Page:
Old hymns and shared memory

I’ve been enjoying Kevin DeYoung’s ongoing blogs about hymns we should sing more often.  Recently he wrote about O Word of God Incarnate, a hymn I know and like.  http://blogs.thegospelcoalition.org/kevindeyoung/2015/10/15/hymns-we-should-sing-more-often-o-word-of-god-incarnate/

    “O truth unchanged, unchanging” is an anathema to our modern culture.  As Christians, though, that is precisely what we are taught about the Word of God.  The notion that truth is less important than self-expression is the mantra of today.  Really, though, that mantra is just another version of “Did God really say…?”  It is not modern at all.
I prefer old hymns, at least those that I think speak the truth in power.  For All the Saints, another one I especially like, was also written by How.  Two other things I especially like about them are the rather archaic language, which is often so much richer than ours today, and the knowledge that these songs are a heritage, a connection with the Church universal, in time, out of time, beyond time.  Sometimes I almost feel that companionship when I sing them.
The same day I read DeYoung’s article I also read one of Rod Dreher’s, this one about memory and forgetting, particularly in reference to culture.
    Here Dreher talks about a book he recently read (How Societies Remember written by Paul Connerton, an anthropologist), which addresses the importance of memory in a culture.  From that book:
    Connerton begins by saying that “our experience of the present very largely depends
    upon our knowledge of the past,” and that “participants in any social order must
    presuppose a shared memory.” Those memories, he contends, “are conveyed and
    sustained by (more or less) ritual performances.” Finally, he argues that these per-
    formances have to be embodied to be effective…
    Connerton discusses three types of memories — personal (something in the past that
    the individual experienced), cognitive (something in the past that the individual knows
    from having learned it second hand), and habit-memory, which he defines as “our
    having the capacity to reproduce a certain performance.” It’s like muscle memory:
    we may not remember how we learned the thing, but we can recall it when necessary.
    Reading this, I recalled the experience of Father George Calciu, a Romanian Orthodox
    priest, who was able to celebrate the Divine Liturgy while in a Communist prison
    because he had committed it to memory. The liturgy reminded him of who he was and
    what was true, in a time and place in which the authorities brutally tried to force him to
    forget.  Connerton calls this third kind of remembering “habit-memory.”
    When a society really wants to remember something as a society — e.g., mythical,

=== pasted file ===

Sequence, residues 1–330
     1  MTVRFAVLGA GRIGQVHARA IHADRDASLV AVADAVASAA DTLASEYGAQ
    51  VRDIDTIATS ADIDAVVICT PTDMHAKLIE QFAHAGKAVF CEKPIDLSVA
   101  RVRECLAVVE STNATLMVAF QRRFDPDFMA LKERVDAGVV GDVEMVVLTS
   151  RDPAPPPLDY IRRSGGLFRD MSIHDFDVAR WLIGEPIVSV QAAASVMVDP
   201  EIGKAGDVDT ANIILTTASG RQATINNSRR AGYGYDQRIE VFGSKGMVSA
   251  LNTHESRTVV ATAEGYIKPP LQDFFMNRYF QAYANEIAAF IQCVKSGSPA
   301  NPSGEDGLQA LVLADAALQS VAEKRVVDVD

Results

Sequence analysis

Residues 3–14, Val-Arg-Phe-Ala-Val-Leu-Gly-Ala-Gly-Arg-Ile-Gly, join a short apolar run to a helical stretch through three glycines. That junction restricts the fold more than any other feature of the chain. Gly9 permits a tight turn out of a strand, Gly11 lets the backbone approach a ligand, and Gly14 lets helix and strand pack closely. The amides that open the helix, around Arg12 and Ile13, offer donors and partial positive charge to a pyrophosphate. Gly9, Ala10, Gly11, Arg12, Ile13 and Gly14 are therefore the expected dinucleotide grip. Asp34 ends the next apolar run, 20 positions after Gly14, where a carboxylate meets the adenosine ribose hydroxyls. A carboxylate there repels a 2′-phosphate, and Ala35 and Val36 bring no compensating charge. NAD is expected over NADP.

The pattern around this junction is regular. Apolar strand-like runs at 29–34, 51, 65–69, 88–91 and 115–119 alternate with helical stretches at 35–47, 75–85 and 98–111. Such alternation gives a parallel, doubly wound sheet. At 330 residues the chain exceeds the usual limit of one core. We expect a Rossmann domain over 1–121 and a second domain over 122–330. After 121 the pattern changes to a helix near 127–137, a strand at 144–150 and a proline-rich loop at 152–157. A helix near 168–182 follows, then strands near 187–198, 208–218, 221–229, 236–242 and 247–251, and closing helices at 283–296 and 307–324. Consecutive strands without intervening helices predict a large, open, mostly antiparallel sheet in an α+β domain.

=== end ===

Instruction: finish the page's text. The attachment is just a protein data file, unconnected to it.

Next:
religious, or historic stories that tell a people who they are and what they must do —
    it invents commemorative ceremonies around those stories. It is not enough to tell a
    particular story; the story has to be “a cult enacted.” That is, the story must convey a
    metaphysical truth, and thus has to be granted sacred status as an event that is taken
    out of the past and in some mystical way re-presented in the present. This is, of
    course, what the Orthodox Divine Liturgy and the Catholic Mass do. Rites are ways
    that societies maintain a living connection with their past, and enter mystically into it.
    Connerton says that “performative utterances are as it were the place in which the
    community is constituted and recalls to itself the fact of its constitution.”
    ….In simpler language, this means that the words spoken in a rite both bind its
    participants together and remind the people who they are, as a people. Further,
    the most effective rituals involve the body. Connerton:
        To kneel in subordination is not to state subordination, nor is it just to communicate
        a message of submission. To kneel in subordination is to display it through the
        visible, present substance of one’s body. Kneelers identify the disposition of their
        body with their disposition of subordination. Such performative doings are
        particularly effective, because unequivocal and materially  substantial , ways of
        ‘saying’; and the elementariness of the repertoire from which such ‘sayings’
        are drawn makes possible at once their performative power and their effectiveness
        as mnemonic systems.
This is where I thought about old hymns.  They are often removed from everyday life in one way, the language is different.  The best thing, though, is that when we sing them thoughtfully we are bound together as a people and we affirm and remember who we are.

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